Sri Lanka’s draft Counter Terrorism Act (CTA) is not a curate’s egg of mostly good with a little bit of bad thrown in. Rather, it is the reverse. The draft Act is a whole lot of bad with some good thrown into the unappealing mixture.
Ingenious traps by ‘deep state’ security agents
Certainly it is not the same perverse creature inhabiting the initial CTA drafts. But to cheer that seeming advance is to fall into the precise trap that those who are well-schooled in the sly tricks played by Sri Lanka’s artful state agents will avoid with a jaundiced eye. These are ingenious traps set by ‘deep state’ security agents who have learnt to survive Governments and political regimes with consummate ease. Flippant assessments of the gazetted draft CTA are a deadly mistake. Unquestionably this is an aggravation of the existing counter-terror regime, not a reduction, as blissfully believed by some.
Those first drafts of a supposed Counter Terror framework staggered the nation as their contents were preposterous. In analysing the drafts ‘leaked’ to this newspaper at the time, it was pointed out in these spaces that, if this was the cure for the Prevention of Terrorism Act (PTA, 1979), then ‘the cure was worse than the disease.’ Granted, the gazetted Bill is absent the most outrageous clauses. Some may even suspect that the perversity of those drafts may have been on the calculated assumption that the outrage would subside once the clearly perverse clauses were taken out.
But to put it bluntly, the fact that ‘terrible’ is replaced by ‘bad’ is no recommendation. And that there is ‘some good’ does not justify the rest. These illustrations of ‘the good’ are tempting carrots dangled before the exceedingly naive. As emphasized last week, what is required is the crafting of a narrowly tailored anti-terror law with tightly drafted clauses limiting themselves to few acts that are not captured by the ordinary law enforcement regime. That, this Bill is not.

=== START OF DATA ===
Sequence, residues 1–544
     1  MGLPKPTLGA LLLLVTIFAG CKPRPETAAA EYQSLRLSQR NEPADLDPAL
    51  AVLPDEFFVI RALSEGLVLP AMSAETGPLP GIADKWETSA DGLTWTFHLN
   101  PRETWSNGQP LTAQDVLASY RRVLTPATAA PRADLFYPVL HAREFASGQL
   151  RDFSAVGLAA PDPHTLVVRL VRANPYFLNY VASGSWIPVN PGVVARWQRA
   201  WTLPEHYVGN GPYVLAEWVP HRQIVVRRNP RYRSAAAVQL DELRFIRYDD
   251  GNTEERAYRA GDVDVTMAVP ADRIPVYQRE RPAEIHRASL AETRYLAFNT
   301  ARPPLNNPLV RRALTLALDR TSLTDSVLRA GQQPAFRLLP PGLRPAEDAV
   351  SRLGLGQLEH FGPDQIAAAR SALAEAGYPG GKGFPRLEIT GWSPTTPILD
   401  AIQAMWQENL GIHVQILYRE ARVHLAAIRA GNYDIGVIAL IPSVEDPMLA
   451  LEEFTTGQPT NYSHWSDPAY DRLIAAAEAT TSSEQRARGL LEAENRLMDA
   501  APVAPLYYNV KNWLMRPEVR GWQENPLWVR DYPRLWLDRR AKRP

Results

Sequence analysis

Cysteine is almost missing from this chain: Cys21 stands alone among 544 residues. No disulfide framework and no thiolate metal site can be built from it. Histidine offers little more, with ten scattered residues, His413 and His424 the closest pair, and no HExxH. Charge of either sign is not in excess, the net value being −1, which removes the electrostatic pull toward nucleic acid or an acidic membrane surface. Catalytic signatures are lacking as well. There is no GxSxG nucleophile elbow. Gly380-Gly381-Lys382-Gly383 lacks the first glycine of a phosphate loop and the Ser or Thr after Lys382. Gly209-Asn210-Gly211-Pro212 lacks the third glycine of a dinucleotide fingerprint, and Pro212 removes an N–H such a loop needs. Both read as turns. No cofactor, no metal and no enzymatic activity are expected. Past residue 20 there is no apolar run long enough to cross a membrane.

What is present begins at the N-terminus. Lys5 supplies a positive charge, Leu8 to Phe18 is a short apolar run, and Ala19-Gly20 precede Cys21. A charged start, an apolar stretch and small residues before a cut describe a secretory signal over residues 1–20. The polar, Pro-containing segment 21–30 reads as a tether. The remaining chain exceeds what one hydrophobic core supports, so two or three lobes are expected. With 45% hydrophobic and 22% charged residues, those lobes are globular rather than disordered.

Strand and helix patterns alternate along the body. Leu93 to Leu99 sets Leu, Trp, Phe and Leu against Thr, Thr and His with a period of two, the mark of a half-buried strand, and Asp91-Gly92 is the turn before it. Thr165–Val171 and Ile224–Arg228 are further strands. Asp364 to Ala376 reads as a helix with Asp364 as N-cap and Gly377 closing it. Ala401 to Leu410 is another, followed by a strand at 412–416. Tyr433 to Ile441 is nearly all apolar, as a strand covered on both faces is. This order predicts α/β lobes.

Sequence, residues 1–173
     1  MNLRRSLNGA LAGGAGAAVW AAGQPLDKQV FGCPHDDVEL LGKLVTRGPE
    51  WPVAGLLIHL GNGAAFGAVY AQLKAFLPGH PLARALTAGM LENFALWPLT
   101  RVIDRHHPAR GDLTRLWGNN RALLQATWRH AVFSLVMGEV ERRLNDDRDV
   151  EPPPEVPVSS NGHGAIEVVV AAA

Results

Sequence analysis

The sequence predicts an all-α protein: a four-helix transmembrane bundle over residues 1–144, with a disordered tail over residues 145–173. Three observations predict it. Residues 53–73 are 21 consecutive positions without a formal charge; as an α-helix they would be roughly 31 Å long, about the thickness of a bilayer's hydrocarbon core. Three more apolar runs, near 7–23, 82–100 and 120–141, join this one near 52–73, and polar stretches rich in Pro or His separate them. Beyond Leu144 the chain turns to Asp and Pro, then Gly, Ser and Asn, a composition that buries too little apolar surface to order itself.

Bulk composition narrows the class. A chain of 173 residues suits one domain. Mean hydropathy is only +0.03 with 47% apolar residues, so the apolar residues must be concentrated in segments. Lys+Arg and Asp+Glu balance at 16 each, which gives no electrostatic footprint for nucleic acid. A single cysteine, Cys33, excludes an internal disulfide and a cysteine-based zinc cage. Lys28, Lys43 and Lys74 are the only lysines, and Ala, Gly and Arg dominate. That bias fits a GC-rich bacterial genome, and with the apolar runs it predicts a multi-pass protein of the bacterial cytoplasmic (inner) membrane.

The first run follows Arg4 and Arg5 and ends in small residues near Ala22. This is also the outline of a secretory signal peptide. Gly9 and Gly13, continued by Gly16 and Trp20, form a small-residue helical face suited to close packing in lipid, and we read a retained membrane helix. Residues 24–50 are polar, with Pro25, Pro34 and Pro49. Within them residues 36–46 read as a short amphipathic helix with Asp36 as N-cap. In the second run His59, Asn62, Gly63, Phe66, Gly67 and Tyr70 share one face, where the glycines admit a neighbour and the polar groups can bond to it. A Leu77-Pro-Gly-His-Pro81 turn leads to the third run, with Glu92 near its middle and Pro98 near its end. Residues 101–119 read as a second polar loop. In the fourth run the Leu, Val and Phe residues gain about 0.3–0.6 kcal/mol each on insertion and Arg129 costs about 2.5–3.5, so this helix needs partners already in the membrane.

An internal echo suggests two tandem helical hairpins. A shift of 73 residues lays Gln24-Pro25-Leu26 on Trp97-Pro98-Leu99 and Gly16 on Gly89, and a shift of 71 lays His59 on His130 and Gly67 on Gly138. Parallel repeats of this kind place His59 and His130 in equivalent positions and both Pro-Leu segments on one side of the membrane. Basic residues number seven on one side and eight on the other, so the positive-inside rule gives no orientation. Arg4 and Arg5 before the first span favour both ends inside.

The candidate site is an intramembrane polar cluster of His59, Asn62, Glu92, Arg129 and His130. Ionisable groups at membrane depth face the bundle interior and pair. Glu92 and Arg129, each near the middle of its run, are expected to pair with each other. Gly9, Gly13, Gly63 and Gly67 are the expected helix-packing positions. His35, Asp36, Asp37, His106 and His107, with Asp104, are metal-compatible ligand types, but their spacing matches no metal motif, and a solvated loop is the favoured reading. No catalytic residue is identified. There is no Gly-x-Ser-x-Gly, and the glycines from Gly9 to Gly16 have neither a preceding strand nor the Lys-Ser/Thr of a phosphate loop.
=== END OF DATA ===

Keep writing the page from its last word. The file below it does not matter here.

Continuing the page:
Over-breadth of offences and risks for media
Merely having an omnibus clause, (Clause 2(2)), that the Act ‘shall be enforced’ only in respect of defined ‘offences’ and not in regard to offences in the Criminal Procedure Code, falls far short of this objective. That clause is rendered largely meaningless for the reason that there is too much overlap between the offences in the Bill and ordinary criminal offences. Further, vague and general prohibitions remain. The use of terms such as ‘wrongfully’ compelling the Government to do or abstain from doing any act (Clause 3 (1) (b) as one ingredient of the primary offence is one illustration. There are plenty more.
Another example of obvious over-breadth is the juxtaposition of distinct categories of offences, variously titled ‘other offences associated with terrorism’, ‘specified terrorist acts’ and aggravated criminal acts associated with terrorism.’ These extended categories of various linked offences are defined as acts committed with ‘the intention of, or having the knowledge of, or having reasonable grounds to believe that such conduct has the effect of, adversely affecting the territorial integrity, national security and defence of Sri Lanka or, intimidating or terrorizing a civilian population.’